The 2¢ Meyer Lemons stamp is the latest in the current Fruits low-denomination definitive series. It was issued on January 19 in Kenner, Louisiana 70062, printed in coils of 10,000 by the Banknote Corporation of America. The Meyer lemon is native to China, and is thought to be a cross between a true lemon and either a mandarin or common orange. It was introduced to the U.S. in 1908, but in the 1940s it was discovered that a majority of the Meyer lemon trees being cloned were symptomless carriers of a virus that had killed or rendered useless millions of citrus trees all over the world. Most of the Meyer lemon trees in the U.S. were then destroyed, after which a virus-free selection was developed in the 1950s and certified and released in 1975 by the University of California as the ‘Improved Meyer lemon’.”
The Byodo-In Temple — a popular tourist attraction in Hawaii, is featured on a $6.70 Priority Mail flat-rate envelope as well as a $6.70 stamp released in panes of four released on January 21 in Kansas City, Missouri 64108. These, and the following stamp, are the latest entries in the long-running American Landmarks series.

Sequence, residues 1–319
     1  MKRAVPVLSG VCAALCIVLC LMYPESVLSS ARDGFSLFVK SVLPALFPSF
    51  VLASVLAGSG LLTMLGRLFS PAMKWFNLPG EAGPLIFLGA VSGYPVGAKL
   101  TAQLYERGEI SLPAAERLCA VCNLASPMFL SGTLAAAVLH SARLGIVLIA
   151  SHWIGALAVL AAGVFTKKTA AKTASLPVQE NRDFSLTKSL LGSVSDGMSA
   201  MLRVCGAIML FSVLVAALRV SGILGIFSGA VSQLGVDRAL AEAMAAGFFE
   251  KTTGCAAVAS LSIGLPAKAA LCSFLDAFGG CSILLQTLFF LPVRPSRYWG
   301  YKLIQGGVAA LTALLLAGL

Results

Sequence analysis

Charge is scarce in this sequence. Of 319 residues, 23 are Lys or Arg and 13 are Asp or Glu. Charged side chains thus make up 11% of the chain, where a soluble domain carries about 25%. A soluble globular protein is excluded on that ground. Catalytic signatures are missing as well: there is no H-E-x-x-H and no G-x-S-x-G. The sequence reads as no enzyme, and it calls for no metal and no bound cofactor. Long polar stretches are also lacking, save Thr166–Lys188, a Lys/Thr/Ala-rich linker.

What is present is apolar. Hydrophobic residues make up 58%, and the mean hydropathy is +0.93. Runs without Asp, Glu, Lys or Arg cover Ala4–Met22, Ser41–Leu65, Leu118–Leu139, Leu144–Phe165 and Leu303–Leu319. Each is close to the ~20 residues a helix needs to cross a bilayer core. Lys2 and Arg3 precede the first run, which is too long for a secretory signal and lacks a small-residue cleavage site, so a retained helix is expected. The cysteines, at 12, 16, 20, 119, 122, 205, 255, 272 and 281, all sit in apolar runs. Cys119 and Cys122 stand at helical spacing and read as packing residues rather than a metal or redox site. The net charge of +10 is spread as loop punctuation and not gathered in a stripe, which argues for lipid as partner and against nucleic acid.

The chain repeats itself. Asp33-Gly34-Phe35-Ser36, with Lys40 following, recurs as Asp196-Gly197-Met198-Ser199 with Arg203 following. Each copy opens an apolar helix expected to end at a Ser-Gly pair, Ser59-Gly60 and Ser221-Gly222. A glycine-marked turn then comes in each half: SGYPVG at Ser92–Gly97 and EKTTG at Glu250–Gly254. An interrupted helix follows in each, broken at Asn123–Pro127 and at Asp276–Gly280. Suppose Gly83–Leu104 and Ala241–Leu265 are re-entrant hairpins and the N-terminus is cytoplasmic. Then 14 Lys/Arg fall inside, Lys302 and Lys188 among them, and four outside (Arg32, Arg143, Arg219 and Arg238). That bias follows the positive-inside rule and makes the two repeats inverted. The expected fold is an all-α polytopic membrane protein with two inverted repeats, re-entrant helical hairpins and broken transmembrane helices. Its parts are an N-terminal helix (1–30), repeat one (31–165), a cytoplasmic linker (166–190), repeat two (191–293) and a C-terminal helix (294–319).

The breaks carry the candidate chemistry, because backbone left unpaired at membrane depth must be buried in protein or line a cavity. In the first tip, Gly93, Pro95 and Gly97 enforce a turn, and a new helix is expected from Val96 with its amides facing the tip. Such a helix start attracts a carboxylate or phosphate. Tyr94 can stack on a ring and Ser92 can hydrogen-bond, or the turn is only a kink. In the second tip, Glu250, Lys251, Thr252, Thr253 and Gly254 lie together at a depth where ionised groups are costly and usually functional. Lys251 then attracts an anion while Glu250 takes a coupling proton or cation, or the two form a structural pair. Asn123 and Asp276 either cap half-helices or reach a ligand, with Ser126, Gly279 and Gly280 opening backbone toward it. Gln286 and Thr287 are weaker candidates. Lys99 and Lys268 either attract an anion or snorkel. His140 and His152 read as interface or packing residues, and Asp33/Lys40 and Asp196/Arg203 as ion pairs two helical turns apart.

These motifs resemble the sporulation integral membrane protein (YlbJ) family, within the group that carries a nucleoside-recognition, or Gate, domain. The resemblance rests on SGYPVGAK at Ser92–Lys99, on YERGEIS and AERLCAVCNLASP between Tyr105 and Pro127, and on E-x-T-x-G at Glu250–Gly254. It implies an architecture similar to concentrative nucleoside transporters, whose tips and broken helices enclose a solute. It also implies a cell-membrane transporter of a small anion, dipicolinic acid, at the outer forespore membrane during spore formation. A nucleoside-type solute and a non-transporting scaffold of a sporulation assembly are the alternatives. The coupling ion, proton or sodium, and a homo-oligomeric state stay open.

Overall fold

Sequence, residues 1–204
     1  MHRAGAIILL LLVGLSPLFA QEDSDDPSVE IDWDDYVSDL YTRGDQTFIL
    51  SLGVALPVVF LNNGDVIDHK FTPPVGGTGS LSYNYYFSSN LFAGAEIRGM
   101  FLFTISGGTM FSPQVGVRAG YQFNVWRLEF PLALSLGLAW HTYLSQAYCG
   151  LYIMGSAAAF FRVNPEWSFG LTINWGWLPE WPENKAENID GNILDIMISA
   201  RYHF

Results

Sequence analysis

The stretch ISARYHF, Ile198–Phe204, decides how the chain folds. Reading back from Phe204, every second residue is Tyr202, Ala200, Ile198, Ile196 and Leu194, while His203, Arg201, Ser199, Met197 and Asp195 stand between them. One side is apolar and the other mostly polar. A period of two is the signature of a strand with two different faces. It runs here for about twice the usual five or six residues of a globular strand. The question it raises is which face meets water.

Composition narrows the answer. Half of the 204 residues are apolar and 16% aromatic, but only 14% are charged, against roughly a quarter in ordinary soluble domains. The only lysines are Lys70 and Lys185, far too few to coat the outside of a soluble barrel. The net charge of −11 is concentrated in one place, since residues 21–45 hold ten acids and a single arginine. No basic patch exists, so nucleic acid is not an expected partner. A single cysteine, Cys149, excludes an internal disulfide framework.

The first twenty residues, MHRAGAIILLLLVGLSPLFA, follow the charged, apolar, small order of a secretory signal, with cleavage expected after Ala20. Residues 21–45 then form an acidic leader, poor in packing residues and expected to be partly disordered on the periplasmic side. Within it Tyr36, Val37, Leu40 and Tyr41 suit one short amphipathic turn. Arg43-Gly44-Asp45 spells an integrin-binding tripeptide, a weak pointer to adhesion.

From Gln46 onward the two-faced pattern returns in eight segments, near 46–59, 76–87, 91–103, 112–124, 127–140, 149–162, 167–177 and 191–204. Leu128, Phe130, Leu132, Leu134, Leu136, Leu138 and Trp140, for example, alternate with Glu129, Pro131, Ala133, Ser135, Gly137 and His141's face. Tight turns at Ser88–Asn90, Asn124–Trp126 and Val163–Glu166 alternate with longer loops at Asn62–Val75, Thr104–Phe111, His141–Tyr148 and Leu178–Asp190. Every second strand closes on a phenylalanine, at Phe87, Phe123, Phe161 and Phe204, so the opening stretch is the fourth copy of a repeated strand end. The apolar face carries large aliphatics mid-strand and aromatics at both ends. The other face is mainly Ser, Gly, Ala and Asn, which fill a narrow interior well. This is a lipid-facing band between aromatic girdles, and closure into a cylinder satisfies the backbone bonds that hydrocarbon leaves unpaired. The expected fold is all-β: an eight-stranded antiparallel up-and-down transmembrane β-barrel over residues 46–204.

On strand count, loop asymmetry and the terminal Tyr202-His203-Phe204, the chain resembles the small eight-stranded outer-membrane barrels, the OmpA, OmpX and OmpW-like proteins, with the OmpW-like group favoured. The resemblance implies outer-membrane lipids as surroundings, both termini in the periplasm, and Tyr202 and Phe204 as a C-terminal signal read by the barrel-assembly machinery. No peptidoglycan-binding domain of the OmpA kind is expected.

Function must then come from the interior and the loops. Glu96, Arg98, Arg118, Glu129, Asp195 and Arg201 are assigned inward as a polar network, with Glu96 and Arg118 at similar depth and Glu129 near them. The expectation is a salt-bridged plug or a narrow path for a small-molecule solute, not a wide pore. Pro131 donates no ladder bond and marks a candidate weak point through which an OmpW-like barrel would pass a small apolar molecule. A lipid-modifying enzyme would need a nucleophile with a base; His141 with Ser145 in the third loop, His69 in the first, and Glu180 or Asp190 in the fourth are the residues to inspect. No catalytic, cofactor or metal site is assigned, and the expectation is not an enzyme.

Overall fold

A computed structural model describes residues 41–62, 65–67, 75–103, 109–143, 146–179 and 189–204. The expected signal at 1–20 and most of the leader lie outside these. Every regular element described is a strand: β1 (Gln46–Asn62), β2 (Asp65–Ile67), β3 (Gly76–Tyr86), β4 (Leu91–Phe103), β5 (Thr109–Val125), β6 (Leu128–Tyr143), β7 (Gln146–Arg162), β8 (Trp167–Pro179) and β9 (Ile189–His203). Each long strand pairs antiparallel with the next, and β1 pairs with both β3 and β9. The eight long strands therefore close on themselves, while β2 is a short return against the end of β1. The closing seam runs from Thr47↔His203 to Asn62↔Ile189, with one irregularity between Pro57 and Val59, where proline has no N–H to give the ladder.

With this Priority Mail Express stamp in the American Landmarks series, the Postal Service celebrates the Sleeping Bear Dunes, a national park in Michigan that takes its name from a Native American legend. It was released in panes of four on January 21 in Kansas City, Missouri 64108.
Due for release on January 30 is a single stamp portraying Lena Horne in New York, New York. Horne is included in the USPS Black Heritage series as a trailblazer in Hollywood for women of color when in fact, her fame and her contributions were much broader. As a performer her 70-year career was capped by a one-woman show, “Lena Horne: The Lady and Her Music,” which ran for more than three hundred performances on Broadway and then on tour across the United States. And as an activist, her defense of the civil rights of all Americans led to her being blacklisted during the infamous era of McCarthyism and the Red Scare. Released in panes of 20 printed by the Banknote Corporation of America, the stamp features a photograph of Lena Horne taken by Christian Steiner in the 1980s, with an added background reminiscent of Horne’s “Stormy Weather” album.
Next to be released by the United States are four Forever definitive stamps (currently 50 cents) in two double-sided panes of 20 and two coils of 100 scheduled for issue at Fort Lauderdale, Florida 33310 on February 9. I will provide images of that release, as well as more new stamps, next month.